Last year, Jyn Erso and her merry band of sacrificial Rogues reminded us that rebellions are built on hope – that tiny spark of belief in a better tomorrow, a future that’s bigger and grander than yourself. Star Wars: The Last Jedi – which left off with natural-born proto-Jedi Rey (Daisy Ridley) finally locating Luke Skywalker (Mark Hamill), the long-lost, last living Jedi in the galaxy – is keen to explore this concept in greater detail. To slip through its sheen and shielding and really demand an answer to the question that has burned through decades and directors and a trilogy of trilogies. If fear leads to anger leads to hate leads to suffering…if the Light Side begets the Dark Side which brings back the Light Side which resurges the Dark Side… If the war never ends, what is it all for? I credited Rogue One with accomplishing something that eluded The Force Awakens: making the Death Star and associated superweapons actually seem scary. That compliment should rightfully be taken as a criticism of The Force Awakens, and it wasn’t for lack of trying on that film’s part. We saw the awesome power of the biggest, baddest, newest beam of death, wiping out multiple planets from another system that we didn’t know or care about until minutes beforehand. We’re told that these planets make up the new Republic – whatever that is at this point. A few featured extras look scared and dissolve into oblivion, and that’s that. Then the superweapon and a sizable cohort of the First Order are destroyed, and that’s that. And all of the main characters (save Han Solo, who is dramatically murdered by his adult son), escape to fight another day. And as an audience, we’re left to ponder, once again, what is it all for? This level of attrition is unsustainable and pointless. Fear will keep the local systems in line, but what else do they have to live for? What is everyday life for the non-military Star Wars universe apart from combat and desperation, slavery and decay, trading junk for scrap and muddling through for one more day? That’s the life that Rey is living at the outset of this trilogy. When you really consider this universe, it seems terribly bleak, and overdue for an honest look at itself. Which is why I was so excited to see indie and cable drama auteur Rian Johnson (Brick, Looper, Breaking Bad) take a steady shot at making sense of it all. The Last Jedi doesn’t present the same shallow hope we’ve seen before – the sort that is easy to cheer for, as long as its sole objective is to hop in an X-Wing and blow something up. It also dares to deconstruct that hope, as it really must exist in such a universe.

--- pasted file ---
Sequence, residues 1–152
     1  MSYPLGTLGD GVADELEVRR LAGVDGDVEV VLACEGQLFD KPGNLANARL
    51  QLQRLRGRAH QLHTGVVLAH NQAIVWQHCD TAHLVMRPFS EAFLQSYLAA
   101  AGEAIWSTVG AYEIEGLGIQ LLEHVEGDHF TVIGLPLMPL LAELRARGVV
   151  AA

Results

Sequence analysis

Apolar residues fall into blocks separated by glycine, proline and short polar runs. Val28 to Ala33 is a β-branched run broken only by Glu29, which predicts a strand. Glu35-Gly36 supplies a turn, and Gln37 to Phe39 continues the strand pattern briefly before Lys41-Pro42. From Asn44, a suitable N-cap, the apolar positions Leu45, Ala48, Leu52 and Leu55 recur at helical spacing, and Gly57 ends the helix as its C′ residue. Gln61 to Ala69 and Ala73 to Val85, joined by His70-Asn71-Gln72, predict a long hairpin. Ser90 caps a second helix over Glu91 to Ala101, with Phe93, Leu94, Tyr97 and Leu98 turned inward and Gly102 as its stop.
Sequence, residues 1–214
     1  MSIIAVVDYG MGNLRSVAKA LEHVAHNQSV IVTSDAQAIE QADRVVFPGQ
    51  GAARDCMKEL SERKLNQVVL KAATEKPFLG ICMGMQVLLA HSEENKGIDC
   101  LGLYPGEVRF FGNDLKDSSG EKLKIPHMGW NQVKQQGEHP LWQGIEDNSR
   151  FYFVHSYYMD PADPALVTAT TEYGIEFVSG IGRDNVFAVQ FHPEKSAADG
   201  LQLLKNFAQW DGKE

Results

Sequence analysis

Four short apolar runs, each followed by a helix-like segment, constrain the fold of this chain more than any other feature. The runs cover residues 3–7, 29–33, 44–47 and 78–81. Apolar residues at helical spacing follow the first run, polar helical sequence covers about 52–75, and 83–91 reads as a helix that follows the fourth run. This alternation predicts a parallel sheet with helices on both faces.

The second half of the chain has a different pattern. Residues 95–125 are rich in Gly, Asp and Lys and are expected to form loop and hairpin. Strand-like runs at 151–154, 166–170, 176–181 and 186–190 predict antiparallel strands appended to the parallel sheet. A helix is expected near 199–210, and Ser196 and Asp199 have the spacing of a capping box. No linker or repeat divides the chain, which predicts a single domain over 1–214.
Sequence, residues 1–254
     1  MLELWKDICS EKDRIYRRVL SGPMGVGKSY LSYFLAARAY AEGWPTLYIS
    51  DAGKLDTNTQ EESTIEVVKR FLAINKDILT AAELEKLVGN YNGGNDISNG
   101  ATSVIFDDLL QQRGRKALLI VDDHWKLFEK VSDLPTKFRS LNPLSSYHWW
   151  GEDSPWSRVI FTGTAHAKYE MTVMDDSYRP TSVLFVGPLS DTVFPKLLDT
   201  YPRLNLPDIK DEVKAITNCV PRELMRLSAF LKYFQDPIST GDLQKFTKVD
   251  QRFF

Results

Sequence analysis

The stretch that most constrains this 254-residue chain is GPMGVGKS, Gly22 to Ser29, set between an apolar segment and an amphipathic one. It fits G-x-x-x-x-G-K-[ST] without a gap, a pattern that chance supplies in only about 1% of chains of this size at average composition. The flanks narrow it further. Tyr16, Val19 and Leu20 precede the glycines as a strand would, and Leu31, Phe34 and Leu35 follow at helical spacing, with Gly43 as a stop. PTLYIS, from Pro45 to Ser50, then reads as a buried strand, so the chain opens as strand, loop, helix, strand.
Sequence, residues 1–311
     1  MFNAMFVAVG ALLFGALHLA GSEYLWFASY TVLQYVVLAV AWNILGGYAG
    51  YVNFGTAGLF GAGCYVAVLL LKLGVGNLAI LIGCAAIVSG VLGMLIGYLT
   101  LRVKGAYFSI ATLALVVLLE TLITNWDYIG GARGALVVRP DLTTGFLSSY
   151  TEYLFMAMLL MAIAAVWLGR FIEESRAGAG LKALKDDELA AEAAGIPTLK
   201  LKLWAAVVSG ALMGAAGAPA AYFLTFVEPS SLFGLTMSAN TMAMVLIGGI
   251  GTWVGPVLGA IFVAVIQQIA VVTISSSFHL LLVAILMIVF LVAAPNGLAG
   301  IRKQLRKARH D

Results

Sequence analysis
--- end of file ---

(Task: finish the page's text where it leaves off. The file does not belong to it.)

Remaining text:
It starts with Luke Skywalker, who disappeared to his Jedi Temple island by choice, with no desire to return and face his failure with his nephew Ben Solo, now styled as Sith apprentice Kylo Ren (Adam Driver). The two tell a similar story of why the latter’s Jedi training went so wrong. Luke founded a new Jedi Temple and began training Ben Solo and other youths who were strong with the Force. Solo turned to the Dark Side, destroying the temple and killing any trainee who wouldn’t leave to follow his path. They agree on that much. But as we hear them recount the story, each of them credibly blames the other for it, and it is to the film’s immense credit that it doesn’t take a firm position on who is correct. Luke may be able to see things through the lens of the Force – the Light Side and the Dark – and so can his student. But Kylo Ren is just like any other well-drawn villain – he sees himself as essentially justified in his actions. Righteous even. Each of these men carries a version of this story, and we will only see its truth revealed through the decisions they make. The Force acts as a bit of a galactic telephone here, bringing Kylo and Rey into shared proximity for a tense conversation while they remain far apart in reality. This forms a tug-of-war for Rey, who never quite feels like a thrall of either would-be teacher. If Luke exemplifies anything by this point, it is fear of the full potential of the Force. He saw it in Kylo Ren, and he sees it in Rey. Meanwhile, she’s happy to receive his corrections about the nature of the Force – but equally ready to ditch him if he should prove unwilling to leave his retreat and render aid. Skywalker’s lessons about the Force play through a lens of bitter cynicism – he castigates the Jedi for their arrogance and hubris – but he also corrects Rey’s amateur assumptions. The Force, he says, is not a tool invented by the Jedi for lifting rocks, nor is it even their exclusive possession. It is an energy that connects all living things, and maintains them in balance. If this sounds a bit familiar, I must emphasize that this is quite a different dynamic from Yoda training Luke on Dagobah. Luke isn’t being coy about any hidden desire to train Rey; he wants her to leave him the hell alone. He’s got a nice life sleeping alone on rocks and subsisting on fish and dinosaur milk. He misses Han and Leia, but has no desire to rejoin their fight. He regrets his failures and wants the Jedi to go extinct.